• ‘But truth be told, even the guys who'd been explicitly invited were cramping the all-girl scene.’
    • ‘The ubiquitous pyramid is poorly used, cramping the main action in an unlit area upstage.’
    • ‘If you get up early enough, you can probably travel at least 300 miles per day but don't cramp yourself with time limits.’
    • ‘Tradition not only cramps the human spirit, it can be bad for the economy.’
    • ‘Namely bowling round the wicket, restricting his opportunities to drive through extra cover and generally cramping him for room.’
    • ‘War hardens hearts, eats the economy, and cramps political liberty.’
    • ‘In favouring the obdurate option, United cramped Celtic for room and impressively limited their effectiveness.’
    • ‘But too much centralisation cramps the very leadership qualities that are desperately required to modernise the NHS.’
    • ‘You guys are cramping my play so please back off.’
    • ‘He never did anything, just sitting there day after day, always waiting for me and cramping my life.’
    • ‘The problems with the current law have cramped the growth of aquaculture for many years.’
    • ‘The racial prejudice against non-Fijians inhibited and cramped the growth and practice of Sikhism.’
    • ‘Among the many legit reasons for doing so, I realized that I'd pretty much convinced myself being with him cramped my creativity.’
    hinder, impede, inhibit, hamper, constrain, hamstring, obstruct, block, thwart, slow, check, arrest, curb, bridle, shackle, encumber, retard, handicap, tie, interfere with
    restrict, limit, confine, restrain, impose limits on, set limits on, regulate, control, moderate, cut down on
    stymie
    View synonyms
  • 2[with object] Fasten with a cramp or cramps:

    ‘cramp the gates to the posts’
  • 3[no object] Suffer from sudden and painful contractions of a muscle or muscles:

    ‘in the final game, Chang cramped severely’
    • ‘Lactose intolerance can cause bloating, cramping, diarrhea and excess gas.’
    • ‘What if his muscles started to cramp due to a lack of warm-up exercise?’
    • ‘She'd been holding this thing within her for so long her muscles were cramping.’
    • ‘Our muscles cramped because we didn't move much.’
    • ‘The first day back, my quadricep muscle was cramping.’
    • ‘Why do our legs cramp up as we're waking up?’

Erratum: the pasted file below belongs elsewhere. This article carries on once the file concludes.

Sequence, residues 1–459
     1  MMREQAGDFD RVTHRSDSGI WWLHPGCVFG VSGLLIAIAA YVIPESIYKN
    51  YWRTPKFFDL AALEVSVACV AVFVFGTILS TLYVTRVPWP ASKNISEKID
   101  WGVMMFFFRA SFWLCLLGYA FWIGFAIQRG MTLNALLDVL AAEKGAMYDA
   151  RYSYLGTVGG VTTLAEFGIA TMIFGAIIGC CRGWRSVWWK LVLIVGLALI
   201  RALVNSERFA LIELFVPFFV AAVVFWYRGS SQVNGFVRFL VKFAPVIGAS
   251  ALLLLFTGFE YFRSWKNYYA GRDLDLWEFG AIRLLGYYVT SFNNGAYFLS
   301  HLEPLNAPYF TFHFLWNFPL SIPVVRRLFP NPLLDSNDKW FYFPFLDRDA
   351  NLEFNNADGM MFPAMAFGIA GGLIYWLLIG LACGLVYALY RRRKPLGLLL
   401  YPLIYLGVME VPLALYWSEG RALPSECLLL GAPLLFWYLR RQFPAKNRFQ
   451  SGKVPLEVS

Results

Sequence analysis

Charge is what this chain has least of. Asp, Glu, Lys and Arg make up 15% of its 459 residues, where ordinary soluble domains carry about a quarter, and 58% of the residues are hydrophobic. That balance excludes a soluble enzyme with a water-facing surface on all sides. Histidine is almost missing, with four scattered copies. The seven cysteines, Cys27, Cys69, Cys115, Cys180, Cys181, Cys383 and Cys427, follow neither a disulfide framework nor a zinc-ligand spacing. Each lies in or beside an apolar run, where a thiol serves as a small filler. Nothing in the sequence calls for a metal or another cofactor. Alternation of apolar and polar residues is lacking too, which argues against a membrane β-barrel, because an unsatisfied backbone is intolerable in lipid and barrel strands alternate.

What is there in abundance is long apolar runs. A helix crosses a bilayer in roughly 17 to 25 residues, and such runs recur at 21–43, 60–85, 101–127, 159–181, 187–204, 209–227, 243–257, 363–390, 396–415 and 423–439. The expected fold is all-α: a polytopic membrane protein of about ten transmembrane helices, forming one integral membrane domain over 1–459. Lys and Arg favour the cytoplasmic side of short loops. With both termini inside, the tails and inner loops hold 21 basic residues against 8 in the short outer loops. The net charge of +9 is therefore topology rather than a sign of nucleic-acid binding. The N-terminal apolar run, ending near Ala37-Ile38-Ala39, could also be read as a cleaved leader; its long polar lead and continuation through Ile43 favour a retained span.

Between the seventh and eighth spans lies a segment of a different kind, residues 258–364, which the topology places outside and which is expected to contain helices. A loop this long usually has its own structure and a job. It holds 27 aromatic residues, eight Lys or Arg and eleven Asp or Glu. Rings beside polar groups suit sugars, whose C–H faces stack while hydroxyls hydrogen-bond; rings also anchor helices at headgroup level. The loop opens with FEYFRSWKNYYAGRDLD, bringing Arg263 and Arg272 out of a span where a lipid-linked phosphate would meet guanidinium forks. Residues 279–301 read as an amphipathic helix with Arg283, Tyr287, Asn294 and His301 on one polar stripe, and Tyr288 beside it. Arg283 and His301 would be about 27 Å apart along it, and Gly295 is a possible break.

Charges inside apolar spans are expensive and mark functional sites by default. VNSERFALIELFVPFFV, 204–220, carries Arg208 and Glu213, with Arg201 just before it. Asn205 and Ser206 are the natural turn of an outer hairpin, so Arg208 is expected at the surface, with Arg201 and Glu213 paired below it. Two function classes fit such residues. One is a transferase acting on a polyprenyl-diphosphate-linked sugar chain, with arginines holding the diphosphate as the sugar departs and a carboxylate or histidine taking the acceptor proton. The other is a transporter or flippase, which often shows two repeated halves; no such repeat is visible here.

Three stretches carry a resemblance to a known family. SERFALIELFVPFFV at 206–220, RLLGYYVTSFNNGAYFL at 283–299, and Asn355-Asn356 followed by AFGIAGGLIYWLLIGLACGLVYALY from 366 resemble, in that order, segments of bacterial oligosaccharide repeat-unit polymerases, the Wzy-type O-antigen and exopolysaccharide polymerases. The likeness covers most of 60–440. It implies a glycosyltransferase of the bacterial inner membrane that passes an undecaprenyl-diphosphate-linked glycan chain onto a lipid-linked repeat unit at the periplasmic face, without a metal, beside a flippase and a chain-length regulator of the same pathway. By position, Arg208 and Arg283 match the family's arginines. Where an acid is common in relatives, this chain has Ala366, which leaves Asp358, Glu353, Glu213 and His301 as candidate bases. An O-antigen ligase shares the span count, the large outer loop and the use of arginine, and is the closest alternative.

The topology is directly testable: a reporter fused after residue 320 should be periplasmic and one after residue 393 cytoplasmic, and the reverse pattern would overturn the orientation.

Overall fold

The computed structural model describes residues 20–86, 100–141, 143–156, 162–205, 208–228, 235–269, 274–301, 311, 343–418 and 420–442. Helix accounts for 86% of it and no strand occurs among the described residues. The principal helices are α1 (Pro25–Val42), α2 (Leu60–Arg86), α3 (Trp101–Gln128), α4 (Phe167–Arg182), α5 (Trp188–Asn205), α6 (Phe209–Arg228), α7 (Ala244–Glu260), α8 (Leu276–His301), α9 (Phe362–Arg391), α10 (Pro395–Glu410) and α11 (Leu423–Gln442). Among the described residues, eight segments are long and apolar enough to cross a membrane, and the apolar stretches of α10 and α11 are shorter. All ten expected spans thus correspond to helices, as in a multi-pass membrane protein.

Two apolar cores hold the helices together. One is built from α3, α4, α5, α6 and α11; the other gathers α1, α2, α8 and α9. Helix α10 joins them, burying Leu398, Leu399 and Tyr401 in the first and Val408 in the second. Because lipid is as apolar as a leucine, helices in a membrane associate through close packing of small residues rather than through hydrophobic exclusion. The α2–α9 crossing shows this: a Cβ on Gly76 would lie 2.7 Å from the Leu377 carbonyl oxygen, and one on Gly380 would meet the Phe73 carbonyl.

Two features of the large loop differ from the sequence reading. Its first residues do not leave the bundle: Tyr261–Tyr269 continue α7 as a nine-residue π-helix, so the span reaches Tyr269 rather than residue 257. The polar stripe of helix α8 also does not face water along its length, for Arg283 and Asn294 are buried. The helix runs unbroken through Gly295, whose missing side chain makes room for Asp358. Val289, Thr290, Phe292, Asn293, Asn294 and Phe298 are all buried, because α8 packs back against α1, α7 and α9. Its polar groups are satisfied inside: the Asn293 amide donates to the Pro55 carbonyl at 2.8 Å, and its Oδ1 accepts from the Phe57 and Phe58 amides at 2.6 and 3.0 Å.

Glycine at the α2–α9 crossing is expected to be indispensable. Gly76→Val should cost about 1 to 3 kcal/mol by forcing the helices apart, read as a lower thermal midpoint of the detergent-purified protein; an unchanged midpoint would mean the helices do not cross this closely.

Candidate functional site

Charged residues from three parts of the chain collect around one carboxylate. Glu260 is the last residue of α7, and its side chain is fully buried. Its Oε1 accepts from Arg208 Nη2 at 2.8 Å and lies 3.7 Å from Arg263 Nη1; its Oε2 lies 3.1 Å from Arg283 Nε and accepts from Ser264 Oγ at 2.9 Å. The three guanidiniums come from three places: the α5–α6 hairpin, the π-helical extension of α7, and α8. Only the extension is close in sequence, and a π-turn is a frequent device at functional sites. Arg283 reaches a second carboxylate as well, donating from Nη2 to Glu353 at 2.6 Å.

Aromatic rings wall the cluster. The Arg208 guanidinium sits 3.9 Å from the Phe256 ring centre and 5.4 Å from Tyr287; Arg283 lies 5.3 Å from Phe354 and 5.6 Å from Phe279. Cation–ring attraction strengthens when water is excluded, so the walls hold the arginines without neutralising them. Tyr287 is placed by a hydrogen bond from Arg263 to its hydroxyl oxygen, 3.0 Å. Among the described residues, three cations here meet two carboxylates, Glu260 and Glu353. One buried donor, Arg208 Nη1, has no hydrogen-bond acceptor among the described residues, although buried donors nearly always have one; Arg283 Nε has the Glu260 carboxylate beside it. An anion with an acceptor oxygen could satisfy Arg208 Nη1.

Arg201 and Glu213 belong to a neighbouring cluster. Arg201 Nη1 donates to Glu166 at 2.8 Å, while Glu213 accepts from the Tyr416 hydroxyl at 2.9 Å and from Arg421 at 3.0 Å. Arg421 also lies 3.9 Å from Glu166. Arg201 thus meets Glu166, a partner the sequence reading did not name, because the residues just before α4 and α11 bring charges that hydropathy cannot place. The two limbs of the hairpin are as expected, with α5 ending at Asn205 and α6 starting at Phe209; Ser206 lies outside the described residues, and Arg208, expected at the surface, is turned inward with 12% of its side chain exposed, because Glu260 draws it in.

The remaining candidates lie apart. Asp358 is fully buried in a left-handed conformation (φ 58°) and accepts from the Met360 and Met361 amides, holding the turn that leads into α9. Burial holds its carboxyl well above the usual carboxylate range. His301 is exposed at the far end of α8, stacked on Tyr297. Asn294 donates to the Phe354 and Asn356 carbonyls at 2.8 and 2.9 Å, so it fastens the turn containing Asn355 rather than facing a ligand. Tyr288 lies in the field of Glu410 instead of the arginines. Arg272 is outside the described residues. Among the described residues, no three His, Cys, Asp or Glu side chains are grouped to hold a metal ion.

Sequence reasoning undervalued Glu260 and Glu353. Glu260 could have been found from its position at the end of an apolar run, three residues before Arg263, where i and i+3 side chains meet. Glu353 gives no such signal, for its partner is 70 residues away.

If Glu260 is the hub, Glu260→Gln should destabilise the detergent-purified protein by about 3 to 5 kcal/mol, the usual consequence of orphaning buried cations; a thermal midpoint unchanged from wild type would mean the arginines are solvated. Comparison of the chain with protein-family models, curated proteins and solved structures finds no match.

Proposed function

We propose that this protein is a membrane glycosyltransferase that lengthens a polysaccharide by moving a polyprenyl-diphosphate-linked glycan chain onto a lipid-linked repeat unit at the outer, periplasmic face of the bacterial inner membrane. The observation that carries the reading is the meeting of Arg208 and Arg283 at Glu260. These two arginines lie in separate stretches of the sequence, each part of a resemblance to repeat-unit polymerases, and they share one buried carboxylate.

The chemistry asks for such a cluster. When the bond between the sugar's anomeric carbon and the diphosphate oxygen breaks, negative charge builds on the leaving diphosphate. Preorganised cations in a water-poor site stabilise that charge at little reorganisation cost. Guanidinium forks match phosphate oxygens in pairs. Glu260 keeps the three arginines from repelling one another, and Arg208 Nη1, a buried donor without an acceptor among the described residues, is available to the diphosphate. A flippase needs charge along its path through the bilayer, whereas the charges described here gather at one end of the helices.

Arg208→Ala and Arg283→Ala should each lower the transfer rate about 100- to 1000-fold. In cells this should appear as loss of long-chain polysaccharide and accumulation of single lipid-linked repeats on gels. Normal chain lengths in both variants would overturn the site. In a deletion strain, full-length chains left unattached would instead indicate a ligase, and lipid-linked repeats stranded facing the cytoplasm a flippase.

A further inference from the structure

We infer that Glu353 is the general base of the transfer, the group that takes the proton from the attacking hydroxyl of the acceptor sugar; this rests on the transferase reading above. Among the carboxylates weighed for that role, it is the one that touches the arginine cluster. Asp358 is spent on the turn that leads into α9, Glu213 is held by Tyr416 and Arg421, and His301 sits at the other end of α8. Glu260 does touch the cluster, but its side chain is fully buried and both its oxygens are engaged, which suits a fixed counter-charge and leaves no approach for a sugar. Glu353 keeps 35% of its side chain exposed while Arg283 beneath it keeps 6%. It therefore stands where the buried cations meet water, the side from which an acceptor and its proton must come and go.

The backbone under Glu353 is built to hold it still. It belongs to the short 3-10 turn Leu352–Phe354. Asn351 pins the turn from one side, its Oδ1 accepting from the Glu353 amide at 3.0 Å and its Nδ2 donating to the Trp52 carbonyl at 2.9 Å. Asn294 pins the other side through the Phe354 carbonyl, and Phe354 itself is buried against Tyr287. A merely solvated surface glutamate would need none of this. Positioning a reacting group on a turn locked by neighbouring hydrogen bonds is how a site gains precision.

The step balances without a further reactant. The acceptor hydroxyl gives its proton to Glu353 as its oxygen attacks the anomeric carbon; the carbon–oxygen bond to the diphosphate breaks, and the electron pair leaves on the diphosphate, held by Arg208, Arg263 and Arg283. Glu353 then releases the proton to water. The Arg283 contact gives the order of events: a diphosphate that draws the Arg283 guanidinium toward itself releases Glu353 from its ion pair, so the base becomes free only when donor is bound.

• ‘And muscles cramping up while flying could be deadly.’
    • ‘Heart muscle may cramp when it needs more oxygen because of exertion, emotion, or exposure to cold.’
    • ‘I groaned in pure bliss, feeling the countless muscles that cramped when I slept in the Shadow Hall start to relax.’
    • ‘"I was losing 10 seconds every mile because my stomach was cramping.’
    • ‘Her stomach was cramping but she knew it would be too early to have the baby.’
    • ‘I had had no water or food all day and my stomach was cramping almost unbearably.’
    • ‘Her moves became automatic, her muscles cramped into the same movements over and over again.’
    • ‘Several times the man collapsed, though he rose again and kept scrambling, his muscles cramping and his old joints creaking.’
    • ‘A chronic condition characterized by abdominal pain, cramping, diarrhea and constipation.’
    • ‘She didn't even try to protest as all her muscles cramped up.’
    • ‘There are a number of possible reasons for muscles to cramp up.’
    • ‘Every muscle in her legs were cramping and her mind was dulled with sleep.’
    • ‘I've been sitting in this position for a good 2 1/2 hours and my muscles are starting to cramp up.’
    • ‘Her hand had such low muscle tone that it cramped painfully as she tried to control the pencil when she wrote.’

Phrases

  • cramp someone's style

    • informal Prevent a person from acting freely or naturally:

      ‘he's not putting any pressure on me that would cramp my style’
      • ‘Never, ever go clubbing with friends: they'll only cramp your style.’
      • ‘I got sick during the world champs which cramped my style, but I didn't shame myself.’
      • ‘He's also partially-sighted, but hasn't let that cramp his style.’
      • ‘A coalition government and a secular constitution have cramped their style.’
      • ‘People stand on your toes, nudge towards the front and just cramp your style underneath the arches.’
      • ‘He said it cramps his style of getting really big bucks from Fat Cats.’
      • ‘I prefer action stories; dull conferences can cramp my style.’
      • ‘The peg did not appear to have cramped his style on the dance floor, or with the ladies.’
      • ‘At least we know this parenthood gig isn't going to cramp our style.’
      • ‘The truth has not cramped their style in the past and is unlikely to do so during the current confirmation hearings.’
      restrict, restrain, limit, constrain, confine, cramp
      View synonyms

Origin

Late Middle English: from Middle Low German and Middle Dutch krampe; sense 1 of the noun is via Old French crampe.

Pronunciation:

cramp

/kramp/